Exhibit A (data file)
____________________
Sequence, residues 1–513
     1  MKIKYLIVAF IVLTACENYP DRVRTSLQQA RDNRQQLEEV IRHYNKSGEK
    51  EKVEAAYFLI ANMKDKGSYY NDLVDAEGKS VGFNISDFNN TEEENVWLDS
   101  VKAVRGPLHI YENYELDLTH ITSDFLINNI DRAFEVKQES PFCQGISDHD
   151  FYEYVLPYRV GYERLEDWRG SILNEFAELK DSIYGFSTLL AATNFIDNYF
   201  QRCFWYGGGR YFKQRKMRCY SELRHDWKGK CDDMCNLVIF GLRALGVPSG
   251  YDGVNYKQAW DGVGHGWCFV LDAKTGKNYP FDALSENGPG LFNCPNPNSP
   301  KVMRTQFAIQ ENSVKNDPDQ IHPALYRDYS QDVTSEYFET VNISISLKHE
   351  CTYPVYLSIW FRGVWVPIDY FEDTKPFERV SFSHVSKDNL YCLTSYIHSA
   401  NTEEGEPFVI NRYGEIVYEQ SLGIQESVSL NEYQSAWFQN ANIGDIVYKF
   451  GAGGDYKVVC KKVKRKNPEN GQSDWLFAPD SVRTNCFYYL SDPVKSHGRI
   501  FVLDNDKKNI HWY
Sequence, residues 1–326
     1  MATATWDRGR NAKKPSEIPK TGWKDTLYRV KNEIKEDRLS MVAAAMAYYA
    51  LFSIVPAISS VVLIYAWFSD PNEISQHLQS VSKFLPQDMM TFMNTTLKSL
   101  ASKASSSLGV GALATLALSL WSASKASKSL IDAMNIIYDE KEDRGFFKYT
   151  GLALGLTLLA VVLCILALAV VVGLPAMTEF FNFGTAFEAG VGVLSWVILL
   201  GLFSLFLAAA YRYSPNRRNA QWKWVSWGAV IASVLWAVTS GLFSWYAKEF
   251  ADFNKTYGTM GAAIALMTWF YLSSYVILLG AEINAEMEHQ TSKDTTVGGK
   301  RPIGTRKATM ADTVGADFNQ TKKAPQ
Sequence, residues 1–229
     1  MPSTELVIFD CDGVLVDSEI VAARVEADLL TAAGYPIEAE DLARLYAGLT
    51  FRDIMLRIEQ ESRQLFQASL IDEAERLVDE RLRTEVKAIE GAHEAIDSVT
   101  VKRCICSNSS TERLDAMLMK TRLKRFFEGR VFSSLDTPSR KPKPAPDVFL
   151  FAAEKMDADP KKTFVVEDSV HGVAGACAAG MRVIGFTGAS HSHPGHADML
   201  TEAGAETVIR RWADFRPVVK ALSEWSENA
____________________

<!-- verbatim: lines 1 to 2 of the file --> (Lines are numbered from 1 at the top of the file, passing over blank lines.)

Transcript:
Sequence, residues 1–513
     1  MKIKYLIVAF IVLTACENYP DRVRTSLQQA RDNRQQLEEV IRHYNKSGEK